6. Development of the Egyptian Script
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The complex hieroglyphs design wasn’t suitable for fast writing. The pictorial form gradually became stylized. The “hieratic” script finally emerged around 2800BC. It now had a more user-friendly and simplified look compared to the earlier hieroglyphic symbols. But the hieratic script didn’t replace the ancient Egyptian hieroglyphics entirely. The latter was retained for inscriptions on monuments and tombs, while hieratic was used for manuscripts. Around 600BC, a more abbreviated script without the symbols was developed. Known as demotic, it would later go on to replace the hieratic.
7. Indicator of Literacy Levels
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Egyptians were mostly farmers, herdsmen, and craftsmen. They had no access to resources of the elite and royals. The hieroglyphs on monuments were largely for the elite to see. The glyphs about taxation, administration, religion, economic control, royal achievements and similar things were also for the elite. Less than one percent of Egyptians in the Old Kingdom (2686—2160BC) were literate. Many of them could manage to read and write hieratic, but not the actual hieroglyphs. Outside the elites, some could write their names for administrative purposes.
8. Gift from the Gods?
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According to Egyptian mythology, Djehuti taught the Egyptians to write and make them wiser. Ra (Egyptian God) objected, saying that writing will weaken humans and instead of recalling the past from memory, people will rely on documents. Writing, Ra thought, will make them lazier. Djehuti ignored Ra’s warning and taught Egyptians to write. But he imparted the knowledge only to a select group: the scribes. Hieroglyphs are also known as “medu netjer” (the word of gods). The word hieroglyph, interestingly, is derived from the Greek words “hiero” (holy) and “glypho” (writing).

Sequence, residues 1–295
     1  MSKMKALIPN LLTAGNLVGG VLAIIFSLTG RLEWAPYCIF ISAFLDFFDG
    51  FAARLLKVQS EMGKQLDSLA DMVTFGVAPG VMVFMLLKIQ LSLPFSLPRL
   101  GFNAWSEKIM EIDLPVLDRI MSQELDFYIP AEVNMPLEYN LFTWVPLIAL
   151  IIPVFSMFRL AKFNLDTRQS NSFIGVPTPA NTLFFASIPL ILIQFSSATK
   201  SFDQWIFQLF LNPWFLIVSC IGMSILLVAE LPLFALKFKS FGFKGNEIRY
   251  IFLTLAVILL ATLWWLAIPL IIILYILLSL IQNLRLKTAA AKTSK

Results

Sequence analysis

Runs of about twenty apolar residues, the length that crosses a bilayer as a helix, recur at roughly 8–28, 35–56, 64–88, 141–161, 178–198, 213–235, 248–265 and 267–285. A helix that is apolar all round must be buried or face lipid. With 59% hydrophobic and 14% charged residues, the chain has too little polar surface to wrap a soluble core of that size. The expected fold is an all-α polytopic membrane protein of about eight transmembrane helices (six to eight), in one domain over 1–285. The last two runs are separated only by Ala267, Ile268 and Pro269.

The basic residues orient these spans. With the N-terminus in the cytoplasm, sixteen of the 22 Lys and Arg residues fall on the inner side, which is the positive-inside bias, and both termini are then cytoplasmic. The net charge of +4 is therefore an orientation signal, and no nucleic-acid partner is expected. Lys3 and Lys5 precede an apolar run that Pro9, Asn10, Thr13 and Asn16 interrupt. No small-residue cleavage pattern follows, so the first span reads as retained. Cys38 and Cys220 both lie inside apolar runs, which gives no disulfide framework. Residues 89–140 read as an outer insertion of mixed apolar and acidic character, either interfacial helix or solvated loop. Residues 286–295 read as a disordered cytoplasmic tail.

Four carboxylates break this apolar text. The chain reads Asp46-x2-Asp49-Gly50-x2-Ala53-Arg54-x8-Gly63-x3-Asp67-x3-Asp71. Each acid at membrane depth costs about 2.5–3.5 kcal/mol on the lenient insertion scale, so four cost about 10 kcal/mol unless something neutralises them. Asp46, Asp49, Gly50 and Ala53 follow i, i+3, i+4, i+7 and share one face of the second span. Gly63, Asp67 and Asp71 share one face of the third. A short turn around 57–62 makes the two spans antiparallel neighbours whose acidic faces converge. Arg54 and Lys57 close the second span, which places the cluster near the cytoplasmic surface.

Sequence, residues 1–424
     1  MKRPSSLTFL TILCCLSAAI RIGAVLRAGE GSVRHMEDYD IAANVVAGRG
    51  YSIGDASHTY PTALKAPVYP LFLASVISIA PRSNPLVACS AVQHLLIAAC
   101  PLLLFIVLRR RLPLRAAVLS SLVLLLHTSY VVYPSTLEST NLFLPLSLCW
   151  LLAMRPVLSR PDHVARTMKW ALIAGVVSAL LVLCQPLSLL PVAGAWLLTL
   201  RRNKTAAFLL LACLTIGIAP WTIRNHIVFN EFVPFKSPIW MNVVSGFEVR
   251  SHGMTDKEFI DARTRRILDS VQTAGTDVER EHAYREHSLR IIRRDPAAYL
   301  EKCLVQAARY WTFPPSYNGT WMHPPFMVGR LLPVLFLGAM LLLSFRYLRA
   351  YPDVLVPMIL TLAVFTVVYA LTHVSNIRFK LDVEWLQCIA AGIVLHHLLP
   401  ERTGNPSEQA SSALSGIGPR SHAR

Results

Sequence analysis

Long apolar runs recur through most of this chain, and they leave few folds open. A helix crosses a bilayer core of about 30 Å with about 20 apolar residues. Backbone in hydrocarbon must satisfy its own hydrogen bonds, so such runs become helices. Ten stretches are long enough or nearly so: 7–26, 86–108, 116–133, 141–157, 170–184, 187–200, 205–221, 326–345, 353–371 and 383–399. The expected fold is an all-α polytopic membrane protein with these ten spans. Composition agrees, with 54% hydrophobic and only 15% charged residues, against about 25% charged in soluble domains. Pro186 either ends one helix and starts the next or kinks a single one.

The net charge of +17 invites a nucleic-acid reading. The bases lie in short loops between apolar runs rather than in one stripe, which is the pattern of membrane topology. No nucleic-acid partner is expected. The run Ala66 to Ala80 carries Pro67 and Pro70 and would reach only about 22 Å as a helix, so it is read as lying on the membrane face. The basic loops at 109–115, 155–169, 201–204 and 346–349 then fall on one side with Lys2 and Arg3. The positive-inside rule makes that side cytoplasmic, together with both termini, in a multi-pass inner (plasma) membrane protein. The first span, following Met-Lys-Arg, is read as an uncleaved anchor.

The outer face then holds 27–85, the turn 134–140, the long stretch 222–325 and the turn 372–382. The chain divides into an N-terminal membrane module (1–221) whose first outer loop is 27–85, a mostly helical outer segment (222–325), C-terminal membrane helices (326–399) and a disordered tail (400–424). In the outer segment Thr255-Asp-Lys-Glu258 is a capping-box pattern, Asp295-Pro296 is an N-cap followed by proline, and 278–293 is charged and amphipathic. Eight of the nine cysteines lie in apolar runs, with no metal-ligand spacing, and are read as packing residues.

9. The Magic Angle
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Egypt had a tradition of magic that was connected to both written and spoken words. Whether they were incantations, magic spells, or other rituals, none could be done without words. And hence, Egyptian hieroglyphs were an important part of ancient magic. Many magical formulas and texts, written on papyri in hieratic, have been found in Egypt and the neighbouring region. Magic was used in ancient Egypt to cure scorpion and snake bites, aid the sick and ailing, curse enemies, and of course seek help from gods.
10. Portable Writing Surfaces
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Besides carvings and paintings on walls, ancient Egyptian hieroglyphics were written on easily transportable surfaces. These included small labels carved from ivory or wood, or inscriptions on stone, metal and ceramic surfaces. Clay tablets (terracotta) were popular in Mesopotamia, while papyrus was widely used in Egypt. Their scribes also used wooden writing boards. These boards were often covered with a white plaster layer so that they could be washed and re-plastered for reuse.